OPINION: Still suspended in a state of summer torpor last week, Christchurch's "rebuild" appeared to have stalled.
It's time to get cracking. Here are some priorities for decision-makers:
Create a stronger economy. If New Zealand is a "rock star economy" does that mean it is a place where only rock stars can afford to live well? Wages and salaries have not gone up, while living costs (rates, insurance, food) have risen significantly. The rebuild must create more than temporary construction jobs. Shopping does not generate growth; dairying generates wealth for some; and tourism is limited. Innovation and industry are the only ways to create a sustainable economy.
Streamline bureaucracy. Too many organisations and too many rules and regulations impede progress. The clearest example of systemic failure was the Christchurch City Council's building consent crisis. Why didn't other councils have this problem? More unified regional government is essential. Concentrate on the big picture and slash the rulebook.
Fix broken houses. Why EQC should leave the worst-damaged houses till last is baffling. EQC and insurance companies need to communicate better. Tell people when their house will be fixed. Then do it.
Make housing affordable. Just as baffling is why some economists believe rising house prices are good news. Raising lending thresholds or interest rates won't help people afford a home. Nor, in my view, will a capital gains tax or preventing foreigners from buying property. Freeing up land - if done carefully - might. Land prices are crazy. Alternative financing models, including shared ownership, are worth exploring.
Create alternative housing. Sprawling 1950s-style subdivisions dominated by large single- storey houses waste land and encourage car use. The old- style nuclear family has changed. More elderly people, singles, couples without children, and mixed families are seeking accommodation. Apartments, cluster housing, or co-housing are options. They do not have to be in the city centre. But planning rules need to be changed.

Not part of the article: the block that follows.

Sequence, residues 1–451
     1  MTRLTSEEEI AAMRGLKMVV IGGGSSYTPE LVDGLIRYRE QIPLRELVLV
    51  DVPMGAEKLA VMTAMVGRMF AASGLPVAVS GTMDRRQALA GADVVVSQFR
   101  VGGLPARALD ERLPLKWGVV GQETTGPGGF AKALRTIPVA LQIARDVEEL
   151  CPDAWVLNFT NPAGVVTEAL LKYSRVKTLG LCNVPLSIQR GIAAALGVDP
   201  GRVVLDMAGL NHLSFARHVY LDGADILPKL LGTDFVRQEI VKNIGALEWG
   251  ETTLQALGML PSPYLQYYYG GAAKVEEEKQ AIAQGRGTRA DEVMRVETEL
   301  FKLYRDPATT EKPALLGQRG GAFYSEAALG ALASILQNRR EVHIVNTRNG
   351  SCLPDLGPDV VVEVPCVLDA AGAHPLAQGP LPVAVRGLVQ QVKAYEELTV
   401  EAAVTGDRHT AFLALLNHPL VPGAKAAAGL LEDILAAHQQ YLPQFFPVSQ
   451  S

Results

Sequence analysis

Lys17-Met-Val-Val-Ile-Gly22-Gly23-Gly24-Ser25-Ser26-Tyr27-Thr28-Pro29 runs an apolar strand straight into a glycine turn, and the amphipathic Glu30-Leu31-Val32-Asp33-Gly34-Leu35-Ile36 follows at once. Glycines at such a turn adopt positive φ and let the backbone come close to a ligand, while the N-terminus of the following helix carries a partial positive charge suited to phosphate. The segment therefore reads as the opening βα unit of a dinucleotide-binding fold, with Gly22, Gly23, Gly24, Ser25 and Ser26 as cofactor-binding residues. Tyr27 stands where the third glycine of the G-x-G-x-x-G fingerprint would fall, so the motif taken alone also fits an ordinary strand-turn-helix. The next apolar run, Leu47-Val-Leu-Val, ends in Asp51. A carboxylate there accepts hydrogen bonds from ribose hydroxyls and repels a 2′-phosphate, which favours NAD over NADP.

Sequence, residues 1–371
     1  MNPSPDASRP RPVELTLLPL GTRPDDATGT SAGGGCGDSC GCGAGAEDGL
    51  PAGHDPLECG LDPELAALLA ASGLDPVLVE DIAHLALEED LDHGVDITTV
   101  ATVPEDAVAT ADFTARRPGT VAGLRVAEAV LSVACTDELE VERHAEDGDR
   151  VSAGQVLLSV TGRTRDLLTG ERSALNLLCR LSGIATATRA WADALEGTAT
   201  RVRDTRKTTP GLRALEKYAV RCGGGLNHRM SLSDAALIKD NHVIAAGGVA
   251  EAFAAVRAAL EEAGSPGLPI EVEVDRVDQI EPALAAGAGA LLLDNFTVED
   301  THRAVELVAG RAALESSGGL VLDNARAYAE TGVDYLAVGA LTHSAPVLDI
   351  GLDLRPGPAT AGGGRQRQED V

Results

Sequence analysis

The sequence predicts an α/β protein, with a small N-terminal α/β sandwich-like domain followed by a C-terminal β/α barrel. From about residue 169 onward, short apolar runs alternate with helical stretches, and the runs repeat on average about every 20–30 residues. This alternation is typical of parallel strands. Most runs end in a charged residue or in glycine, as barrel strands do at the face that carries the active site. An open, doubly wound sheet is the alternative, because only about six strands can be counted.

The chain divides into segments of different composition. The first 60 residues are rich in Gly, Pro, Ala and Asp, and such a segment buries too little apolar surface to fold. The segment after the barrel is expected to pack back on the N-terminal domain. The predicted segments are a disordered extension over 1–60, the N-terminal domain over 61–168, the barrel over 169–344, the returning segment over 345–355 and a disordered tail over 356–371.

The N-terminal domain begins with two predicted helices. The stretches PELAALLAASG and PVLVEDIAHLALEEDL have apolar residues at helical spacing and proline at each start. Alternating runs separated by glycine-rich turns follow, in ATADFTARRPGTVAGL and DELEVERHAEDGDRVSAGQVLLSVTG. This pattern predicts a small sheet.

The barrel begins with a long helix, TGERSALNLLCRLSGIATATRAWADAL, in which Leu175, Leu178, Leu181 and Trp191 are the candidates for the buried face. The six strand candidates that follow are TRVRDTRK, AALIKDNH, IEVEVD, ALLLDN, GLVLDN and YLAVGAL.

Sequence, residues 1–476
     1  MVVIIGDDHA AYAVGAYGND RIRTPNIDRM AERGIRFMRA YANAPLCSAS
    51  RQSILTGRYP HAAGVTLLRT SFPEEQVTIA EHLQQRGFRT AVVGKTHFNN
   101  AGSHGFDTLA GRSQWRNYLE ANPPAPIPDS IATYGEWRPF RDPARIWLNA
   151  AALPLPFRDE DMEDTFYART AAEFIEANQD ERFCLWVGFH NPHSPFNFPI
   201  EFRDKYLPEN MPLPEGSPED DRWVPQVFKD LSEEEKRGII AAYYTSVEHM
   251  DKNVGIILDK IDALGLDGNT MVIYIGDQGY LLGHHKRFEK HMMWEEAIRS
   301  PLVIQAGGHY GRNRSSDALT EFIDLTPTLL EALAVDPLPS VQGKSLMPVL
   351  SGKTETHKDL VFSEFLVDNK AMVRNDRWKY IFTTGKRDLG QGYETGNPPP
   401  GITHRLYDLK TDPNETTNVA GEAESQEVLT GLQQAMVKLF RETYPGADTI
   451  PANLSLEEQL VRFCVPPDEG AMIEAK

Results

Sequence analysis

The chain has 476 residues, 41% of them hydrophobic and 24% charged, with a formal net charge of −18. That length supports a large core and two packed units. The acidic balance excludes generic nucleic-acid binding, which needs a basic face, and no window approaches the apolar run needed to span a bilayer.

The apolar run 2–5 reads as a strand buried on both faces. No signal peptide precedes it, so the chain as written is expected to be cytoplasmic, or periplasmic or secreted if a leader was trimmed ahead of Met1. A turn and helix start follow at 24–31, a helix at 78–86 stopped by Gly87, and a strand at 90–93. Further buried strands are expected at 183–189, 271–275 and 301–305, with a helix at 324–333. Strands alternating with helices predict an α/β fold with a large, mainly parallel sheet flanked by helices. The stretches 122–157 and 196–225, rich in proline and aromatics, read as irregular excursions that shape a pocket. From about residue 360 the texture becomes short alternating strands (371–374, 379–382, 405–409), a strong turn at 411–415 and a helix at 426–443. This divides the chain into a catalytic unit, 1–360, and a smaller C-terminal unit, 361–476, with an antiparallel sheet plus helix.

Build houses for the long term. Accessible or universal design is not just for people with disabilities and the elderly. Flexible houses adapt to changing family circumstances as you grow older. Prefab construction makes it easier.
Stabilise or rebuild. Re-levelling buildings on land prone to liquefaction is widely practised in Japan. It makes a dramatic difference. Better- engineered buildings that withstand natural disaster are a good idea no matter where you live.
Decide about buildings. Dust swirls around empty building sites and piles of rubble. Some buildings look forlorn and forgotten. Their fate is still uncertain after three years. To owners, insurers, and councils: just decide. Land is expensive. Why waste it?
That includes Christ Church Cathedral. Prolonged court cases and bitterly divided opinion are just delaying the inevitable. Yes, the cathedral was special. But it is now time to let it go and look forward to a new, exciting, visually stimulating, and safe modern building. It would, however, be possible and desirable to include elements of the old.
Embrace beauty in architecture. Why should buildings look boring, ugly, or utilitarian? It is not necessarily the fault of architects. Owners want to build the cheapest buildings they can, but good design can end up saving them money in the long term.
Encourage energy efficiency. Green buildings that make use of passive solar design, photovoltaics, and water recycling benefit occupants and the environment, but we are seeing few of them. It is a huge missed opportunity.
Build something special. Shigeru Ban's "cardboard cathedral" has generated widespread publicity for Christchurch overseas. Let's have another international competition for a unique new building.
Keep planting the Garden City. People still want a city in a garden. Trees and gardens make Christchurch special. Both New Zealand native and exotic plants thrive in harmony.
Do something with abandoned sections. What is happening to all those empty sections out east? Grass and gardens flourish while streets and footpaths crumble. Could anyone ever live there again? Should the area be one large park?
Build better roads. Our roads are designed for 1970s traffic patterns, not 2014. We need more turning lanes and signals for starters. The central city transport plan - restricting cars in the centre - is a good idea, but other neighbourhoods also need rethinking.
Build better bus networks. Buses can be comfortable and reliable and routes can be flexible. Bring in extra and more frequent services. Bring back the yellow hybrid diesel-electric shuttles. And build more bus shelters.
Go mainline. Using mainline rail lines for commuter travel would ease congestion and make it easier for more people to live in outlying areas such as Rangiora and Rolleston, or further afield. The facilities are there. All that is needed is political will.
On your bike. More people would bike if they felt it was safer. New cycle routes are a worthwhile investment. The sooner the better.
- The Press
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